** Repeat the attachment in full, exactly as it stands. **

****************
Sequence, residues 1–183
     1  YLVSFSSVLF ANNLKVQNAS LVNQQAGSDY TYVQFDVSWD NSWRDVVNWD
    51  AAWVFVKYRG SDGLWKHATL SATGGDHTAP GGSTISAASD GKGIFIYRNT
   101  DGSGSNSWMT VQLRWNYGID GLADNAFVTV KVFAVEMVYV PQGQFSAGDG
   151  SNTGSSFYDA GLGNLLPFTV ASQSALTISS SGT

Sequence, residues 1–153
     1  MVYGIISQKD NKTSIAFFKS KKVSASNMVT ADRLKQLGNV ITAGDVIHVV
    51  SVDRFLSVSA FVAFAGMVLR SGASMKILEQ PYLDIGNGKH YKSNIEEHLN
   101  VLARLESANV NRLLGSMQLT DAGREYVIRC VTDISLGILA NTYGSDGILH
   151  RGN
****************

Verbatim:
Sequence, residues 1–183
     1  YLVSFSSVLF ANNLKVQNAS LVNQQAGSDY TYVQFDVSWD NSWRDVVNWD
    51  AAWVFVKYRG SDGLWKHATL SATGGDHTAP GGSTISAASD GKGIFIYRNT
   101  DGSGSNSWMT VQLRWNYGID GLADNAFVTV KVFAVEMVYV PQGQFSAGDG
   151  SNTGSSFYDA GLGNLLPFTV ASQSALTISS SGT

Sequence, residues 1–153
     1  MVYGIISQKD NKTSIAFFKS KKVSASNMVT ADRLKQLGNV ITAGDVIHVV
    51  SVDRFLSVSA FVAFAGMVLR SGASMKILEQ PYLDIGNGKH YKSNIEEHLN
   101  VLARLESANV NRLLGSMQLT DAGREYVIRC VTDISLGILA NTYGSDGILH
   151  RGN